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    It's Not Too Early
    Posted on Tuesday, July 11, 2006 @ 21:44:51 GMT by vlad

    General By Marty Hoffert

    In the 1970s, Buckminster Fuller proposed superconducting global-scale electrical grids to wheel solar energy collected on the daylight hemisphere halfway around the earth to the nighttime hemisphere.

    Given the potential for catastrophic climate change, a question must be asked: What has happened to such far-out and disruptive -- but not necessarily unfeasible -- visions for a renewable-energy future? Right now, hundreds of new coal plants are on drawing boards around the world (see "The Dirty Secret").

    Today, the world uses about 13 terawatts of power, approximately 80 percent of it from carbon-dioxide-emitting fossil fuels. If we want to keep Earth's average temperature low enough to prevent eventual large sea-level rises (see "The Messenger") -- and also accommodate continued 3 percent annual economic growth -- we will need between 10 and 30 terawatts of new carbon-free power by 2050.

    Read More: http://www.technologyreview.com/read_article.aspx?id=17056&ch=biztech



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    "It's Not Too Early" | Login/Create an Account | 3 comments | Search Discussion
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    Re: It's Not Too Early (Score: 1)
    by malc on Wednesday, July 12, 2006 @ 02:45:49 GMT
    (User Info | Send a Message) http://web.ukonline.co.uk/mripley
    As per usual the "energy solutions" currently being proposed at a national level try to fit within between two conditions:

    1. Energy production matches energy consumption real-time.
    2. Energy production is centralised.

    Number1 gives the anti solar,anti-wind pro nuclear lobby their ammunition since sun and wind are not always there when you need it.  However if every home and business had an energy store (e.g. battery) then the intermittent nature of these sources is no longer a problem. And please don't leap in without thinking here, batteries are an example there are many forms of storing/converting energy for future release you use the best for the situation.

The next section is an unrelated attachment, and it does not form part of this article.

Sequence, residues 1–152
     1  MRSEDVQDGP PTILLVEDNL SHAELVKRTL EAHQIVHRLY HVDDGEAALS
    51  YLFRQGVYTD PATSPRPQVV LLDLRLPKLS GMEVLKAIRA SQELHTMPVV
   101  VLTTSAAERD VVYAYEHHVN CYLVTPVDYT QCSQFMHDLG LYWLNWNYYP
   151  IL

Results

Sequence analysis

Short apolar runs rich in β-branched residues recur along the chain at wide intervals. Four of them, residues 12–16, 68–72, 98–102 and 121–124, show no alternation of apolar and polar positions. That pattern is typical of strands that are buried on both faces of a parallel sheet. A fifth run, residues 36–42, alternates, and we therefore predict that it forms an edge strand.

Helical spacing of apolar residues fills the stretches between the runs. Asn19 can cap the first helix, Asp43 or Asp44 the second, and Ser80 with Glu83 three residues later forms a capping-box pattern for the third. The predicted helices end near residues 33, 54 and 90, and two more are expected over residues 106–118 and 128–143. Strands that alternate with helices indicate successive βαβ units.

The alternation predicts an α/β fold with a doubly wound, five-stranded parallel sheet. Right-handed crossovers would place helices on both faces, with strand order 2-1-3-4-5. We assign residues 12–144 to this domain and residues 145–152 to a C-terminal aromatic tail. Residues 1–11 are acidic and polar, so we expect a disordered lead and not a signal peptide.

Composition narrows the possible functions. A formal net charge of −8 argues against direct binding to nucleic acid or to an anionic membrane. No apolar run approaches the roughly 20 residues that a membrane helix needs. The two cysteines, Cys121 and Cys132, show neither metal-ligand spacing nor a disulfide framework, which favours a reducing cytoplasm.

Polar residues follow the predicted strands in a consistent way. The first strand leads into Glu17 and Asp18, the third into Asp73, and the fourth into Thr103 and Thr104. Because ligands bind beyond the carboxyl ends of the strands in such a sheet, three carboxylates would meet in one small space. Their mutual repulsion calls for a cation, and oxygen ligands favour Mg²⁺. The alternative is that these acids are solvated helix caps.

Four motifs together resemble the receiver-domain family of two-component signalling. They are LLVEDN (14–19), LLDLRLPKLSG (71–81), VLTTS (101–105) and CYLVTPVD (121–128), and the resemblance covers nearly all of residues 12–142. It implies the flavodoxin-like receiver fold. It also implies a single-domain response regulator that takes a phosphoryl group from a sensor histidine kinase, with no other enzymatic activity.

Number 2 gives governments an excuse to keep control of peoples lives. With nuclear having the greatest government control over the people due to the necessity of keeping this technology behind high security. If "the people" had their own energy generation facilities then governments lose power.  This is why there is no real effort in implementing micro generation.

    My house in Scotland has enough energy blowing past and shining down in a year for me to be self sufficient.  The problem is the cost, planning permission (government control!) and lack of an integrated micro solution. It's all physically possible but actually exceptionally difficult at the present moment.

    Most businesses have enough real-state to implement larger micro versions to be self sufficient. But again the initial capital cost is too high.

    The cost of all these micro/distributed solutions would plummet if they became part of a national programme with ramped up volume production. 

    Re: It's Not Too Early (Score: 1)
    by ElectroDynaCat on Wednesday, July 12, 2006 @ 08:05:31 GMT
    (User Info | Send a Message)
    Might I dare to suggest that our problem comes from our unwillingness to slay a Sacred Cow.
    That is the Sacred Cow that tells us that market forces are the overriding factor in every decision we make. Market forces may work when you are buying shoes or corn flakes, but extending that thinking to the environment might not be the best route.

    We burn coal to generate electricity because it, and the technology it uses are cheap and abundant. Maybe God had other reasons to put all that carbon in ground, and maybe it was to keep the climate from turning into what's on Venus.

    Market forces don't care about the future, they exist only in the present. Market forces have demolished many small self sustaining ecosystems and moved on, like a virus, leaving the Earth barren. One day market forces will accomplish what tidal waves and giant meteors couldn't do, kill an entire ecosystem.

    Its time to change some basic thinking, some decisions ought not to left up to the lowest bidder.

    The solution is simple: (Score: 1)
    by Kadamose on Wednesday, July 12, 2006 @ 09:45:20 GMT
    (User Info | Send a Message)
    Destroy all forms of government and the entire money system - once that is accomplished, everything will fall into place, perfectly.


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